Do we stay secretive, challenge the building code professionals, or work togther to create a more diverse range of building codes through education?
Natural building is both more sophisticated and intricate and also infinitely more critical to the future of our planet than the conventional codes will ever be able to accommodate.
There is a listserv called the Natural Building Network (NBN) that comprises builders, architects, designers and others associated with the building industry from Santa Cruz to San Diego. An article from the LA Times (1/13/03) made its way to the listserv, about Pierre Constans who had built a 200-square-foot office from strawbale. The city of Ventura found out about it and fined him, plus he will have to pay $700+ in building permits, IF the building is "approved."
The story created a heated discussion among the natural builders on the listserv on whether or not to seek permits. And then Gary Duncan from Colorado got wind of the discussion and wrote a fine response, describing two of the solutions that have worked in Western Colorado. Here is his addition to the ongoing dialogue.
(1) Education of code officials.
The way we turned around the widespread reticence about strawbale permitting in the Smart Shelter [http://www.smartshelter.com/] service area was to get on the program for the regional code officials' organization meetings (all code officials are part of local/regional/state organizations, and they have program coordinators). We presented a slide show of reputable, successful and not-so-successful projects, along with check points, engineering, and "watch-outs." We made sure the presenters were qualified, prepared, experienced professional builders/architects. (Do not send amateur enthusiasts, no matter how well-intentioned. The code people will eat them for lunch). You may find, as we did here, that what appeared to be arrogance or hostitility to forms like strawbale was actually insecurity due to lack of information and resources. These people often have their heads on the block if what they approve falls apart. Give them solid case-study evidence, legitimate technical standards and access to competent consultants. This could be done at the California state level at a building officials' conference.
Following a presentation in 1998 to such a conference on the Colorado state level, I gave technical engineering presentations on load-bearing strawbale to four regional official gatherings (totaling 130 inspectors in one year). Since then, we only have one jurisdiction left in Western Colorado that does not approve bale buildings; some approve load-bearing.
Following that, I did the same thing with regional lenders on both the primary and secondary lending levels, then followed up with the regional meeting of certified appraisers. Consequently, for the past five years, we consistently appraise, finance, insure, permit, build and enjoy strawbale homes, totalling approximately 400 in the Smart Shelter service corridor, many with code regimens rivaling anything in California, plus historic district qualifications, exclusive of quake protection.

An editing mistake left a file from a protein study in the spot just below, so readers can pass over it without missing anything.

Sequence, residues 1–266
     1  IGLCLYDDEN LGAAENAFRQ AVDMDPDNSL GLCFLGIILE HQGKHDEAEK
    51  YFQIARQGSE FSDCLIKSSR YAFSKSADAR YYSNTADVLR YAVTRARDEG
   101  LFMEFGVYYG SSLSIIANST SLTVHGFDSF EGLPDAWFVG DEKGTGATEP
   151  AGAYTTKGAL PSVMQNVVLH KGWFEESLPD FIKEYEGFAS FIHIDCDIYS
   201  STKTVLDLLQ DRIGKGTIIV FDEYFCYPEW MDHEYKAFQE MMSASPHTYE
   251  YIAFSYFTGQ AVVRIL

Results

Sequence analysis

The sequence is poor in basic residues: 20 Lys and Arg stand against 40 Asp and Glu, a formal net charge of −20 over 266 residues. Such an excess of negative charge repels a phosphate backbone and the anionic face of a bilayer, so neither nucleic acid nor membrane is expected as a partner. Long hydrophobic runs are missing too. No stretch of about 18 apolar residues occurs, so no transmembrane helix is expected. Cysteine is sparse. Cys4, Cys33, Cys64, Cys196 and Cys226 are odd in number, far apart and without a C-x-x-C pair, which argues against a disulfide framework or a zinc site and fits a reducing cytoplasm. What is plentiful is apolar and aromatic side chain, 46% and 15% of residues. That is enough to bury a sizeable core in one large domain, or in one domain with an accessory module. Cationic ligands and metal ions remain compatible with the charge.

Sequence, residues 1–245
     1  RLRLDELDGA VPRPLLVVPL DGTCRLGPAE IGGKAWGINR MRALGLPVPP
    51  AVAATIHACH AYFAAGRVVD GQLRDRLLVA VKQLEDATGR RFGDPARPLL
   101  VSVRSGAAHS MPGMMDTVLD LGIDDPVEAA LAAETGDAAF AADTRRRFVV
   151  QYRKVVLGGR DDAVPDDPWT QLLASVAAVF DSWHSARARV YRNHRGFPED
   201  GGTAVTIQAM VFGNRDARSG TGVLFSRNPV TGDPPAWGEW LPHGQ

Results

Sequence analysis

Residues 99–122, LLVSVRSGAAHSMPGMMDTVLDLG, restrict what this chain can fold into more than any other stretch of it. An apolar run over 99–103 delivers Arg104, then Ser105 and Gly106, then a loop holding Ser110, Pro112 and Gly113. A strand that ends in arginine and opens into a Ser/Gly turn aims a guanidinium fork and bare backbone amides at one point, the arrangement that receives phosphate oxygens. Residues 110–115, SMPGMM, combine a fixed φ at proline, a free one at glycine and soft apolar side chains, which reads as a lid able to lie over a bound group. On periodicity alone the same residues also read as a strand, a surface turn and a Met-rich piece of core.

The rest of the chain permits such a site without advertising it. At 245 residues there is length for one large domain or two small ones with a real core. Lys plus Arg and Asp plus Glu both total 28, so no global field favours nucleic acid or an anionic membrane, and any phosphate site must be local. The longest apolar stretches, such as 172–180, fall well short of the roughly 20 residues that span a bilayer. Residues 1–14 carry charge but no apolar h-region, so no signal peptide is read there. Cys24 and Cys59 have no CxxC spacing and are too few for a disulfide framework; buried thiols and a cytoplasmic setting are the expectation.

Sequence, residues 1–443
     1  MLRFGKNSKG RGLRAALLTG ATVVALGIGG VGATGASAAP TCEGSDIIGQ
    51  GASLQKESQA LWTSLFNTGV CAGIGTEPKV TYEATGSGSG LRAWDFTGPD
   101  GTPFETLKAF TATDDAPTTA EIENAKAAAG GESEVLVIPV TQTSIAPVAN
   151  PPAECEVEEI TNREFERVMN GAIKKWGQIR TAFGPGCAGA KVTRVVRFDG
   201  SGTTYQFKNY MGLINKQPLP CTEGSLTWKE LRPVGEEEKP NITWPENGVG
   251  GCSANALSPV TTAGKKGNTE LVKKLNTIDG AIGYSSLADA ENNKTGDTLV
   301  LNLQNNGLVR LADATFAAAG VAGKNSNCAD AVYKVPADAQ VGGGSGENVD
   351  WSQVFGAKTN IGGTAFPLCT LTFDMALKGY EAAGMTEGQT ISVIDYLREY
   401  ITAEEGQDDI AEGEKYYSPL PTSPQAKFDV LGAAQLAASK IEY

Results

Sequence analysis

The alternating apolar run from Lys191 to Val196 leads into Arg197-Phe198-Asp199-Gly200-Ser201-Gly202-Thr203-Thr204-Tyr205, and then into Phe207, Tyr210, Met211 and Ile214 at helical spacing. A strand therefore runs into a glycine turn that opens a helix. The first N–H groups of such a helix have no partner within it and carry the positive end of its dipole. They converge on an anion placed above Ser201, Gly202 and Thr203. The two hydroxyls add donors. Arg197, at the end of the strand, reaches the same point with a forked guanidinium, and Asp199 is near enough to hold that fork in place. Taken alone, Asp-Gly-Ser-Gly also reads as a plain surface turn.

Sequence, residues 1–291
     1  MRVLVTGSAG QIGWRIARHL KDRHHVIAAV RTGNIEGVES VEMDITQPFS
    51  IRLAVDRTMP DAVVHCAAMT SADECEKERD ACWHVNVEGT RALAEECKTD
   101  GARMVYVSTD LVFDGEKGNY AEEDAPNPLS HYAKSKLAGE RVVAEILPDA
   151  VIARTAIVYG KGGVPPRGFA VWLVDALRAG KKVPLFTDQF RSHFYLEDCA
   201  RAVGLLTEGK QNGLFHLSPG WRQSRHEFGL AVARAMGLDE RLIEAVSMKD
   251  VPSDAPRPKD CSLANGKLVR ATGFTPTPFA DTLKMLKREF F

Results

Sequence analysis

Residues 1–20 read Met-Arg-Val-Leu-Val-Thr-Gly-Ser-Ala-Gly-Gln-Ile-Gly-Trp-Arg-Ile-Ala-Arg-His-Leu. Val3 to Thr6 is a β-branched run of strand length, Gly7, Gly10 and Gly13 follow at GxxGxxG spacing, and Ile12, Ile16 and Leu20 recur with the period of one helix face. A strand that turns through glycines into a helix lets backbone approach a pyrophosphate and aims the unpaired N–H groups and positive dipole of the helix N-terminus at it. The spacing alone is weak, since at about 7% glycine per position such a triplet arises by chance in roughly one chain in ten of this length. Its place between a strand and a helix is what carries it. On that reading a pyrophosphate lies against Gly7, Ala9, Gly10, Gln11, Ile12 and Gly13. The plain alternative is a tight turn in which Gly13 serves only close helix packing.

The key to this is to get the officials out of the office, off the firing line and set down as students in a classroom. But you better have your act together when that happens.
I have a 35-year professional-building track record, eight of it as a professional designer, some of it in physics and engineering, and I needed every bit of this along with thorough documentation and case studies, because they did indeed try hard to shoot me down, which is their way of testing my tenor and their assurance of legitimacy.
(2) The Natural Path Alternative to Building Codes.
We're piloting this solution here in two counties where it's in the formulation stage.
Basically, what the Natural Path Alternative does is delineate the problems of codes in general and, specifically, the idiosyncrasies of natural building, which is a perpetually-evolving technology. Critical to its evolution is the creation of community, continued experimentation in techniques, establishment of knowledgeable builders and consultants regionally, development of case studies and education of the code enforcement community.
This is accomplished in the Natural Path Alternative by establishment of a three- or four-member review panel to approve projects, consisting of one code official and two or three seasoned members of the natural building community. The building is built not on the basis of definitive engineering applied to pieces of the structure (and then padded ad infinitim with safety factors to protect the engineer and insurance company) but with the agreement that the builders can build whatever they want, providing the panel approves, and that the entire finished structure is to be load-tested to limits of about twice design standard minimums. If it fails, the owner eats it; if it doesn't, it is given a CO and is entered in the case studies.
At that time, the owner/builder has a responsibility to provide support for others' projects in the future, similiar to that which he has received. In this manner, the information and people in the natural building community in the region accumulate and evolve, together.
Thus, access to accumulated building community expertise is built-in, and the owner/builder cannot ignore it, which is the biggest problem we have here: plenty of profession knowledge, but amateur builders running off half-cocked, ignoring the accumulated experience. The system also professionally and systematically documents case studies of workable and unworkable systems. The unworkable ones are the most important.
Natural building is an evolutionary science/technology, and it only makes sense that the regulatory system that should instruct it (not detain it) must be dynamic too. We make a new technology, and we make a new system of supervision, one focused on accumulating education.